Ultimately, she does get hold of the squad, but whatever time they might have had to spare in the rescue was lost in her drawn-out diatribe, so by the time the truck arrives, the place is already spitting with flames. Dawson is among the rescuers arriving on scene, so whatever eye-rollage she might’ve had over Casey not picking up Louie from day care on time is vanquished by the sight of him all roughed up. This is how they do make-ups on Chicago Fire, folks.
On a completely unrelated note, things aren’t quite going as planned with Mouch and Sylvie’s publishing venture. They get a bite from one of their many queries and are excited to hear the company wants to put their book into immediate circulation…but as it turns out, the place that’s willing to greenlight their project is one of those scammy pay-to-print deals, so they have to rethink their strategy.
Sylvie and Dawson have a tiff over Dawson’s chest-thumping response to a bossy senior-citizen advocate who wanted to call the shots on a patient’s care, because it gets Chief Boden in hot water with his own bosses. Sylvie stands by Dawson on the matter, but she doesn’t like having to go against the grain when it comes to higher-ups, so she plainly warns Dawson to never put her into that kind of position again. Capiche?
She realizes the partner tension might make a good story line for the book, but Mouch has another idea — why not have the ladies make out instead? Sylvie eventually approves the idea via text message, and Trudy’s befuddled to find the message about Sylvie being cool with two women kissing on Mouch’s phone. She confronts the two at Molly’s, but her frown quickly turns upside-down once they explain their little side endeavor. Better yet, she tells them in so many words, “Hey, knuckleheads, I know a guy.” Yep, Trude’s got an inside connection at a publishing house, and she’s tickled to death about what they’re working on — because TRUDY IS JUST THE BEST — so she’ll gladly pass along her intel.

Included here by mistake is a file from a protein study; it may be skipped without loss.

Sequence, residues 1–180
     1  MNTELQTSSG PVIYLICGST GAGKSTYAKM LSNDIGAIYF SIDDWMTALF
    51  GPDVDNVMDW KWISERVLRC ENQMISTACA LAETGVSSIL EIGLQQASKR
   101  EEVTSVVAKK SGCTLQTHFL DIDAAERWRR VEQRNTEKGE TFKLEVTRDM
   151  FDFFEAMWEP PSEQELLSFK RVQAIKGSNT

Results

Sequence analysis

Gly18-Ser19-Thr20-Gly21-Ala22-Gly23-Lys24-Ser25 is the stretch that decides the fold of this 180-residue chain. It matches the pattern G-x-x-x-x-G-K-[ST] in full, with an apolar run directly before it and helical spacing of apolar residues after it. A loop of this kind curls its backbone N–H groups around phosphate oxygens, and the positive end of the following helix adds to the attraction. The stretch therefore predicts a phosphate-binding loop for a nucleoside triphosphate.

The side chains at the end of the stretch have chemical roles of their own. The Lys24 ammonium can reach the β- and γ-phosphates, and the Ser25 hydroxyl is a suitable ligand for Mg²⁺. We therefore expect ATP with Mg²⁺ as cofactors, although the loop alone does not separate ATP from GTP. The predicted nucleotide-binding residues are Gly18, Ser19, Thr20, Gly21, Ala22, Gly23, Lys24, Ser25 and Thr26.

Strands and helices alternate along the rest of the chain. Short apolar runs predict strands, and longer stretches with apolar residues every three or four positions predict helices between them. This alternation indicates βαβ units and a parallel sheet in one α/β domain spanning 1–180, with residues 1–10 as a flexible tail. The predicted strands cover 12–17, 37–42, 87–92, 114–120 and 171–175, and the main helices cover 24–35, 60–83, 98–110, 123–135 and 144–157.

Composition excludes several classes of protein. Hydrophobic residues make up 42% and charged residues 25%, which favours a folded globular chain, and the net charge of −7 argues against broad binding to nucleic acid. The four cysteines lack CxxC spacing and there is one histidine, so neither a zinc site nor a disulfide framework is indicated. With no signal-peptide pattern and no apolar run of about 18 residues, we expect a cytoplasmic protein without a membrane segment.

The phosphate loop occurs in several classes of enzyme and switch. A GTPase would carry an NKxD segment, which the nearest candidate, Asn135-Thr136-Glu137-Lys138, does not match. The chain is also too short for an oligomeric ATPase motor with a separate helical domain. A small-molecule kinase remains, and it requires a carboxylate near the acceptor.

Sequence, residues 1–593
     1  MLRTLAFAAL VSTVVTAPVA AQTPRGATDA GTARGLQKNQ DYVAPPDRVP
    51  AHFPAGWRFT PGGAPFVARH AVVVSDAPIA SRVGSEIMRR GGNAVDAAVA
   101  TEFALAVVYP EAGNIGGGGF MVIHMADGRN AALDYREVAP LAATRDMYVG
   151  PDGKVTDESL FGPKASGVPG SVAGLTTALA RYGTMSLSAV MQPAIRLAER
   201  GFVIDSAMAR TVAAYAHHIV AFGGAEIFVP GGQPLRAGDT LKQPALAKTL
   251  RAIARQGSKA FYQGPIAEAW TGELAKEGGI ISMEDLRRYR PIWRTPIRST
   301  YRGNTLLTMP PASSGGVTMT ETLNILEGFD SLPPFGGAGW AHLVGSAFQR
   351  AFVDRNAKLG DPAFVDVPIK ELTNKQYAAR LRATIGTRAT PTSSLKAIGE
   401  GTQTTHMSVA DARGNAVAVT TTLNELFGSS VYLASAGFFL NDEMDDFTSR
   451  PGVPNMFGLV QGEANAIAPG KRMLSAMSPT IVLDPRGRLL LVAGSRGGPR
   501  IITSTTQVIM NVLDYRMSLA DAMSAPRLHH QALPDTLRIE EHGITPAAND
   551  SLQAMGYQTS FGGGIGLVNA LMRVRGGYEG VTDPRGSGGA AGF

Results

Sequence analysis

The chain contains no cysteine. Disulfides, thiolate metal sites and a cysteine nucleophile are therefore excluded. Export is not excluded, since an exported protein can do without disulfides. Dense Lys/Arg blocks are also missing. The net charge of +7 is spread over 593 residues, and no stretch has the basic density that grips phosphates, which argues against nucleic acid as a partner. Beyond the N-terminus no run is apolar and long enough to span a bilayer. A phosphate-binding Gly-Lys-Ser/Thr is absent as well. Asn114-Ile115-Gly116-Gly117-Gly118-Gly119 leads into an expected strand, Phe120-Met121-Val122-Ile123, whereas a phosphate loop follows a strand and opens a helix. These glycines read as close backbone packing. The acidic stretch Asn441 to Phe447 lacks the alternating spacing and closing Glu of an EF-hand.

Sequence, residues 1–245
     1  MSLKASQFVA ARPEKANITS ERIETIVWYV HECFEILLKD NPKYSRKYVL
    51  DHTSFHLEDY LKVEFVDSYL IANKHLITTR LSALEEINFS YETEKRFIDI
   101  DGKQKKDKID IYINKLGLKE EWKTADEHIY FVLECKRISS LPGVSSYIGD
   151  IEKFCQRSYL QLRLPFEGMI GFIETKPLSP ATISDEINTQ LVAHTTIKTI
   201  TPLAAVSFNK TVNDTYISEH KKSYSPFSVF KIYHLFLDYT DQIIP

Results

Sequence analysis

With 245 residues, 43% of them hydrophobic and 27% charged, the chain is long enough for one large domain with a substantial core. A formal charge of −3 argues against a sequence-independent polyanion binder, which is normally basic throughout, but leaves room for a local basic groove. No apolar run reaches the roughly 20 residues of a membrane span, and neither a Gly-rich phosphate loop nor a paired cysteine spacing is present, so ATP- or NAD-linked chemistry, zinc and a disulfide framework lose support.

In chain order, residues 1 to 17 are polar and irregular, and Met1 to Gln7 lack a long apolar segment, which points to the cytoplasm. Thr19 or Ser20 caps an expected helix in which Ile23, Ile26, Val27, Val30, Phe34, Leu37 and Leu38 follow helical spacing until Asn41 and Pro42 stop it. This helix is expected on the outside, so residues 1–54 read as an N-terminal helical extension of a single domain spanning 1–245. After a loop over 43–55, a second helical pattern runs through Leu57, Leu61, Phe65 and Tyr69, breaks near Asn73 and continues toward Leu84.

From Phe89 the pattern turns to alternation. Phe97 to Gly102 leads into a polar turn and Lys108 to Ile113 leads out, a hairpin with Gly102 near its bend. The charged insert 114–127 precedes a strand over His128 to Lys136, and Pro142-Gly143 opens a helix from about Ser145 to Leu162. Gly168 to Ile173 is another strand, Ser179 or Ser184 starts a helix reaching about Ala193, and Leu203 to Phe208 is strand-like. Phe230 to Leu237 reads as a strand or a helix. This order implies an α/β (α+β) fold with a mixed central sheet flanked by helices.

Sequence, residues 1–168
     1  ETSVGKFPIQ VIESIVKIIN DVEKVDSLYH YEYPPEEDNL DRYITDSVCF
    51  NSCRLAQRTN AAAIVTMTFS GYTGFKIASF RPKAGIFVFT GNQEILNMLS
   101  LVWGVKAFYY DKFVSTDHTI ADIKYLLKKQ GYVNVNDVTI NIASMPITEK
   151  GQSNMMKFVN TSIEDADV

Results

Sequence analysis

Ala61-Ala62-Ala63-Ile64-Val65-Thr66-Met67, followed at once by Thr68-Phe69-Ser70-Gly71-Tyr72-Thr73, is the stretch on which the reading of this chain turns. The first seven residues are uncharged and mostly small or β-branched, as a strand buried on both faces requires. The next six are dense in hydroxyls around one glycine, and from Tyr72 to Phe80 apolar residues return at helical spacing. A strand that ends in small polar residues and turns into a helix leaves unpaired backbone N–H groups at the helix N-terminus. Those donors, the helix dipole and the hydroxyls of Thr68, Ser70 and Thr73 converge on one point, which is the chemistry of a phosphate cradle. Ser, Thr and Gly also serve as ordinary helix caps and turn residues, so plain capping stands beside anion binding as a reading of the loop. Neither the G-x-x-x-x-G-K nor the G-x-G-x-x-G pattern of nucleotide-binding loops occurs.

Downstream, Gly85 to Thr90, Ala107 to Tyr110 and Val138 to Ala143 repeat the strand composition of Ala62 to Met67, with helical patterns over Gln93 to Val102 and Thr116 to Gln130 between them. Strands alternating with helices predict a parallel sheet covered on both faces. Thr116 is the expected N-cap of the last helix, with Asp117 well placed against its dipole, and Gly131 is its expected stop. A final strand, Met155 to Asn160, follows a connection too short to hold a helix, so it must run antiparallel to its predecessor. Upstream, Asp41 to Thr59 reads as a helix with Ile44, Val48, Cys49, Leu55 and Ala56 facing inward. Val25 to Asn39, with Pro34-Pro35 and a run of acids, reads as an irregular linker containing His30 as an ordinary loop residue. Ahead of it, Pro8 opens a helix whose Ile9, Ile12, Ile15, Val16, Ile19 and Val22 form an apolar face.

Last, but not least, Otis and Cruz are still trying to formulate some kind of roommate banter-y story now that Cruz’s brother bit is toast and the Russian fiancée story is all played out. So, they take it to Mars. Yes, Mars. Apparently, Otis has had some lifelong dream of manning a mission to colonize the Red Planet, and Cruz is happy to oblige him with a little scam-prank artistry of his own.
How Cruz suddenly has the know-how to falsify an entire web operation and convince Otis he’s made some shortlist of Martians-to-be is beyond me, but Otis falls for it. That is, until Cruz whips out the cricket protein powder as an alternative culinary option to all the astronaut food Otis has been sampling to prepare for his fictitious journey. Otis gets him back good, though. When Cruz visits Molly’s after the warehouse debacle, Otis has him try his new spicy margarita recipe, and Cruz digs it…until he finds out the special ingredient is the cricket powder, of course. Turnabout’s fair play at Firehouse 51.
Episode grade: B+
NEXT: Love is in the air…and something else is in the gut